Wednesday, October 19, 2016

Has the fundamentals of M1 and SPH caught up with valuation

I doubt anyone would disagree with me that the fundamentals of these 2 companies are being affected by competition. M1 by a highly possible 4th Telcom player and SPH by alternative news digital platforms.

But that is only half the question, a better question would be "has the challenging outlook being reflected in the shares price, and has it overshoot to the downside?"

Personally, between the 2 companies, I would go for M1, notwithstanding the fact that its latest quarter results sucks. It blames the fall in net profits to higher depreciation and ammortization costs, but there is more than meets the eye.

If you look at 9 months result, there is indeed a significant increase in amortization and depreciation from 86,1mio to 93.3 mio, but if you look at 3Q results by itself, the difference in YoY depreciation and amortization is a mere 1.3 mio. The real cause is the reduction in ARPU. The lower handset sales while affect revenue will also cause higher cost of sales, so in a while, it will offsets one another.

Is reduction of ARPU worrying? You bet, since the competition has not even started.

I have assume the following in the face of a 4th Telcom.

1) It costs a 10% fall in ARPU to the price competition
2) It manage a 10% market share within 2 years, and cause 25% reduction in M1 mobile's market shares.
3) M1 continues to pay out 80% of earnings.
4) M1 is able to maintain its NP before the "war" begins

I expect a 5% dividend yield with the reduced earnings in 2018, and the price should be $2.2 I made a bid for today but did not get anything. But I will not bid anymore tomorrow.

Because as you can see, assumption 1 should be worse since without competition, it had already worsen by 10%.

Since I gave a damning report, why did I still say I chose M1 over SPH. 

Any real fight with the 4th Telcom will only starts in 2018 earliest (10% market share), I assume of the 10% loss, half of it comes from M1. It might not be too bad.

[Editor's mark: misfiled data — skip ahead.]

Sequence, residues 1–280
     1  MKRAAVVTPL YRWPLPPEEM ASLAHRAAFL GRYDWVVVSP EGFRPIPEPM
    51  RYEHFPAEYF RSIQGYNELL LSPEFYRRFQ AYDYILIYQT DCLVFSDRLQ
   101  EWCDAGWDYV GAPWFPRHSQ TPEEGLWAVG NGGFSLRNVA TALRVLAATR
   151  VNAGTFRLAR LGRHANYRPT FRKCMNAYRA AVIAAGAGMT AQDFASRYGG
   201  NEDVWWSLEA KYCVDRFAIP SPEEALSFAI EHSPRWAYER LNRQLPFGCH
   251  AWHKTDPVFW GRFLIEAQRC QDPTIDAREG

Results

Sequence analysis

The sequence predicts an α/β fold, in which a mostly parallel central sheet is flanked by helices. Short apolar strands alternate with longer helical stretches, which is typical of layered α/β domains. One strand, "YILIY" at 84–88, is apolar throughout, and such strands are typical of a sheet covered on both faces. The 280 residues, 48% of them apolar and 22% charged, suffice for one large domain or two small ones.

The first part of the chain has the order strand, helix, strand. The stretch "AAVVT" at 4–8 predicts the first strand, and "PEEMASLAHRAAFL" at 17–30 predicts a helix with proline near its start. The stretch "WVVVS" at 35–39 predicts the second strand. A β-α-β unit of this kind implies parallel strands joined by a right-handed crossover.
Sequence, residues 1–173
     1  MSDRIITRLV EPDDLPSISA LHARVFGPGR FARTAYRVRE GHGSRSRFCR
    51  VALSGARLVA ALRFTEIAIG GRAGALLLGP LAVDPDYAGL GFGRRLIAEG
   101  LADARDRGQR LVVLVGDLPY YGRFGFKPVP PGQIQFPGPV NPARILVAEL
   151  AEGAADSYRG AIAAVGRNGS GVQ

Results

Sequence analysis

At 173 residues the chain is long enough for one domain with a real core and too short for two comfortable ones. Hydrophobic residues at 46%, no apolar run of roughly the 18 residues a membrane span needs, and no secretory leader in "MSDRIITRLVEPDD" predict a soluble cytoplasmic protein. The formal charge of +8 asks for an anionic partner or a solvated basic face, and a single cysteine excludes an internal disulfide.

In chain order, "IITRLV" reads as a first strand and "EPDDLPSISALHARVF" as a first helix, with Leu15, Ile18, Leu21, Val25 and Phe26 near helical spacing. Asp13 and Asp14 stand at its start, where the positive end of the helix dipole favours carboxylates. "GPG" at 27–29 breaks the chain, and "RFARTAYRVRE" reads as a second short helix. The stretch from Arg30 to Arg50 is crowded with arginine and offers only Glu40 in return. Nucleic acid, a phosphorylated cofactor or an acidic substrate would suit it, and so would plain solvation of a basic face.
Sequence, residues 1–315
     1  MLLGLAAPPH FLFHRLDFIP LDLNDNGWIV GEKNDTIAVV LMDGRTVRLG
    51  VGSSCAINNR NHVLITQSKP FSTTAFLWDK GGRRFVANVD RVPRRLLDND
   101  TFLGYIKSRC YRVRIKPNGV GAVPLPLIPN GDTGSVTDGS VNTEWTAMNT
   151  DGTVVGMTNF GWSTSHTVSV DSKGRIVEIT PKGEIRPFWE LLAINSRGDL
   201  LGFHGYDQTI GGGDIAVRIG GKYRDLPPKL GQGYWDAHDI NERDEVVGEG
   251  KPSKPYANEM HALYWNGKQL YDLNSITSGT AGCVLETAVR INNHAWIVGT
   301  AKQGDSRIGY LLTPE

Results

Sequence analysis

I do think with a reduced earnings, M1 can sustain its operations albeit at a lower earnings. There are also 2 silver linings in M1 report, cash flow is still strong, and they are still growing their subscribers base. However, it is due to a higher penetration rate, and I suspect Singtel and STarhub will both report an increase in subscribers. 

With SPH, it is not going to easy. It has already increase ASP, but its reduced dividends of 18 cents is already above 100% payout. 

I do not think print will go the way of the dodo, but I seriously do not know the "bottom" and hence I cannot predict what price is a fair price since I cannot predict future earnings and hence yield. 

However, SPH shares price's fall is not as bad as M1. If you ask me, SPH competition is 2 folds. One is direct advertising competition, such as google and other online platforms. Next, readership. If readership of papers continue to fall the attractiveness of advertising through print is going to be even lower. 

SPH is in news business. Beside speed of updates in news, there is another issue of news print. I get news alert from 4 different news apps on my phone. If I want my finance news, I go for reuters and bloomberg, there is no need to wait for Straits Times to reproduce their news. 

Then why is the price holding up relatively well. I think its due to the speculation of timing of injection of Seletar Mall into SPH reit and the possibility of special dividends. 

However, I will watch M1 closely. 

Thursday, October 6, 2016